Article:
June 12, 2019

Old News Redux

PC MLA ordered to comply with accessibility rules by June 20


Dear Ms. Paon,

How is it that a duly elected representative could be so ignorant of democracy? A team effort made accessibility a requirement in 2013 and you're flouting the law.  While you've been busy claiming reimbursement for your illegal constituency office, voters with disabilities have been treated with contempt. Your ludicrous defense:

  •  "Paon said no one has ever told her or her staff they could not get into the building because of the gravel space. We've received absolutely no complaints, we have a high percentage of seniors in my constituency and my brother is a paraplegic, so I'm very cognizant of accessibility issues." - Jean LaRoche, CBC

is so tiresome and condescending that it is almost beneath a response.

  • The biggest Catch-22 for wheelchair users is that they are often prevented from having a voice simply because they can't get in to complain.  "I can't hear you, shouting out there in the parking lot."  Maybe that explains why you have discriminated in employment as well.
  • And of course your paraplegic brother makes you a world-class authority on disability.  When your brother is a paraplegic, you should know better.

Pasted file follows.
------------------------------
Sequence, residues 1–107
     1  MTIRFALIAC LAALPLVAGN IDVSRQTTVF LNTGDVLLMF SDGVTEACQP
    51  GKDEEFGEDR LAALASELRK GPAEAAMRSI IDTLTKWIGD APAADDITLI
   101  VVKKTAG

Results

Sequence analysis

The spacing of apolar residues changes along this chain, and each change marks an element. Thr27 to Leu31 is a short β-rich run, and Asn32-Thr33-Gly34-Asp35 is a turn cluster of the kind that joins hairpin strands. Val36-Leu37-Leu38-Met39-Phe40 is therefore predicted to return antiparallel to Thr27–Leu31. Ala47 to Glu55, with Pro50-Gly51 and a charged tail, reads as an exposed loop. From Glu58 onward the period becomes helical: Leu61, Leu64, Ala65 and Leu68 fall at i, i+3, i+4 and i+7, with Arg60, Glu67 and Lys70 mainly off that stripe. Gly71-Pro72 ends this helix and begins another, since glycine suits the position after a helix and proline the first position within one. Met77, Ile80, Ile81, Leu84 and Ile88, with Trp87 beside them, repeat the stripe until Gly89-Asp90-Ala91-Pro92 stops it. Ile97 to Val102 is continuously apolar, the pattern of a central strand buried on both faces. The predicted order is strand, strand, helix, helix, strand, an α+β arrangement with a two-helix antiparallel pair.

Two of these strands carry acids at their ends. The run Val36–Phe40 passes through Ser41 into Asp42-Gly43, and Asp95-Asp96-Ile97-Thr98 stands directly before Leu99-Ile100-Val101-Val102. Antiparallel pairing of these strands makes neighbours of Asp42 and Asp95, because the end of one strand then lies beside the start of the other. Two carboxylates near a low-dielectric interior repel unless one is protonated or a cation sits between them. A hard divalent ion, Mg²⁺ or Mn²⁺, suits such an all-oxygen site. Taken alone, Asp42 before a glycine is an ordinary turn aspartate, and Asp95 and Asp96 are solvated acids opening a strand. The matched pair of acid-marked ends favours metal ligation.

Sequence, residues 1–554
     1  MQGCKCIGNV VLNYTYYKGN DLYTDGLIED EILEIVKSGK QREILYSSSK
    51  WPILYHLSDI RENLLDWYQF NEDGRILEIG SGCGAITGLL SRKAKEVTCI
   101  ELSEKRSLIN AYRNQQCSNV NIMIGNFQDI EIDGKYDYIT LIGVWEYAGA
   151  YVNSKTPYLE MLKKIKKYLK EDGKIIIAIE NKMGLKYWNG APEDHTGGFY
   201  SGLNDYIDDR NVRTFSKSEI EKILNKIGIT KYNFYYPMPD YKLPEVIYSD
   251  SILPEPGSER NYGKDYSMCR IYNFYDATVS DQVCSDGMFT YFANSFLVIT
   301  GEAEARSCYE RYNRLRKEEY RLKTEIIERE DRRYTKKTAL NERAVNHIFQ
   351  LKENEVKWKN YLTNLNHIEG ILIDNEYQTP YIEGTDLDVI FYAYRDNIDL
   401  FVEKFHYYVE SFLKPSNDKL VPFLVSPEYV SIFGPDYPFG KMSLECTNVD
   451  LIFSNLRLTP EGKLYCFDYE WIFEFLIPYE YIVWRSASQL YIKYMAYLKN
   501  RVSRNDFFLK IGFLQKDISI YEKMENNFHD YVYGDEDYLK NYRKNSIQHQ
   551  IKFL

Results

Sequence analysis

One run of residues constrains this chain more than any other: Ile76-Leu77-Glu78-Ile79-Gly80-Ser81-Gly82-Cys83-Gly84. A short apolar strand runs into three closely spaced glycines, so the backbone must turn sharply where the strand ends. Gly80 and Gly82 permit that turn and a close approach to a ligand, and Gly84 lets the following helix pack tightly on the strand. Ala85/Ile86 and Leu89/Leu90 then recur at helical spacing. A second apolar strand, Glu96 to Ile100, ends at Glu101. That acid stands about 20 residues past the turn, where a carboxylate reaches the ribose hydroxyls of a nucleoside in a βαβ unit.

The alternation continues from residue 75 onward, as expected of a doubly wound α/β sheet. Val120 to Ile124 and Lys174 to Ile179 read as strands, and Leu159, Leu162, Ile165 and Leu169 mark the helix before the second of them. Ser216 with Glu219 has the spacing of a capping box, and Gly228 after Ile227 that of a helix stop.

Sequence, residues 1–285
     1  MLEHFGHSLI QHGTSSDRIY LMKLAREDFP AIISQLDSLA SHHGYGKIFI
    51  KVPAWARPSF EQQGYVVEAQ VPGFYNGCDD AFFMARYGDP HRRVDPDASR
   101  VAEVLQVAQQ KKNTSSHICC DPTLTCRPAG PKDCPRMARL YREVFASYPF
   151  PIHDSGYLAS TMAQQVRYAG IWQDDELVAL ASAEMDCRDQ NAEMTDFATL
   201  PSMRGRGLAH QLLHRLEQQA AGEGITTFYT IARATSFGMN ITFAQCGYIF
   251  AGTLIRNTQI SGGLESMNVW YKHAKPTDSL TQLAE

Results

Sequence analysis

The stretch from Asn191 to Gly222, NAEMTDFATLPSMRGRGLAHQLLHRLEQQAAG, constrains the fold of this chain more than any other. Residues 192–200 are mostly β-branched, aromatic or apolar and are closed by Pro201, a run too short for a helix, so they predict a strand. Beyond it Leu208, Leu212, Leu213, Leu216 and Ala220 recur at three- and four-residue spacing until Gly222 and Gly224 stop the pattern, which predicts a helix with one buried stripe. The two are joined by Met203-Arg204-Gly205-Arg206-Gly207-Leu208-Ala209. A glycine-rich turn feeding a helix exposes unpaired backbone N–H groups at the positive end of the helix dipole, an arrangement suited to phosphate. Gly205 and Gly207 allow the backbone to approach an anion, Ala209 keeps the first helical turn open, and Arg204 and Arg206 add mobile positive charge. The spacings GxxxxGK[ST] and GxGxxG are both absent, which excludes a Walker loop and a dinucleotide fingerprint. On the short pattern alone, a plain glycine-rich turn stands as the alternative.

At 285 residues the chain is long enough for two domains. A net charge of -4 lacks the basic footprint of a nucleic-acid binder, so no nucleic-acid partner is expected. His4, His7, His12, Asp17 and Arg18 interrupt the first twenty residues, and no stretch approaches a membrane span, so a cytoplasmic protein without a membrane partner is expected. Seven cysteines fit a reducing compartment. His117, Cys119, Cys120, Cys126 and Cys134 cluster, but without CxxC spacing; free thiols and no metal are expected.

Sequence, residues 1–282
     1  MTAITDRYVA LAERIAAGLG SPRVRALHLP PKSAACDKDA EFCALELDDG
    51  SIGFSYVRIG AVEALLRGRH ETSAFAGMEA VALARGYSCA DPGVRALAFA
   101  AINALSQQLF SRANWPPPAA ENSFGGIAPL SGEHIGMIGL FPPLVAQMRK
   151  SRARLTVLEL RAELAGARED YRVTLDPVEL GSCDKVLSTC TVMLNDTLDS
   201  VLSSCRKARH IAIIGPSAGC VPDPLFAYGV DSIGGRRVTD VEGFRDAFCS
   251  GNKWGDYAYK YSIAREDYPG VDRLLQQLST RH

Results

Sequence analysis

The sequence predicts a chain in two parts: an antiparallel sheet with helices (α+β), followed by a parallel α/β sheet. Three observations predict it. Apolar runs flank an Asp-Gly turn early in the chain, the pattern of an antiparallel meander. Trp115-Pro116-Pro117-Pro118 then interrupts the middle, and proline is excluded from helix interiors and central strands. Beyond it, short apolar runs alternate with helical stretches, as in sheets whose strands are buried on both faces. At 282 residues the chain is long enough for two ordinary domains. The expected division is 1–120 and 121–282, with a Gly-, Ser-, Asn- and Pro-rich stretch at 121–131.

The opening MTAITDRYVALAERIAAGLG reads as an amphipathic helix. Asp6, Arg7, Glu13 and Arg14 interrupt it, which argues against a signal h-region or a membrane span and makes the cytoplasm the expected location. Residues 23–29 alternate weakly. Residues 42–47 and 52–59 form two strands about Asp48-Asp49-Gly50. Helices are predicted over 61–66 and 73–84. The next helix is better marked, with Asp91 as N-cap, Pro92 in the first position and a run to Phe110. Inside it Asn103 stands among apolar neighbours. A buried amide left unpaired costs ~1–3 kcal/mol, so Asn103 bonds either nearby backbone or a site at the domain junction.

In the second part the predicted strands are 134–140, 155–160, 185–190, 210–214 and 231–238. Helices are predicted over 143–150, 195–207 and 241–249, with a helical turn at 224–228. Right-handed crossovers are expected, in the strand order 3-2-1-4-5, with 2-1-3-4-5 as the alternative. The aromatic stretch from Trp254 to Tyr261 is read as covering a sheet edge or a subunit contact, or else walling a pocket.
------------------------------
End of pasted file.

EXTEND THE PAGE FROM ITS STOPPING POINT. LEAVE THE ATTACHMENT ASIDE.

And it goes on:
Time to get with the program.  People with disabilities make excellent employees.  They are loyal voters.  Not facts a politician can afford to ignore.

Gus Reed

May 17, 2019

Why is my favorite ......

communicator a deaf/blind person?

Because Helen Keller was a master of perseverance, willing to take risks, widely admired, smart, accomplished, a pioneer.  In The Story of My Life, we learn that accommodation doesn't mean charity
Perhaps an explanation of the method that was in use when I took my examinations will not be amiss here. The student was required to pass in sixteen hours--twelve hours being called elementary and four advanced. He had to pass five hours at a time to have them counted. The examination papers were given out at nine o'clock at Harvard and brought to Radcliffe by a special messenger. Each candidate was known, not by his name, but by a number. I was No. 233, but, as I had to use a typewriter, my identity could not be concealed. 
It was thought advisable for me to have my examinations in a room by myself, because the noise of the typewriter might disturb the other girls. Mr. Gilman read all the papers to me by means of the manual alphabet. A man was placed on guard at the door to prevent interruption.
.....athlete a wheelchair user?

Because Bob Hall, who was the first wheelchair entrant in the Boston Marathon in 1975 (2 hours 58 minutes) stood up for himself and won.  And nowadays most wheelchair marathoners wait an hour at the finish line for the first sneakered finishers.
The rejection of entrants in wheelchairs for the New York City Marathon has stirred a controversy among officials and competitors affiliated with the Oct. 23 race.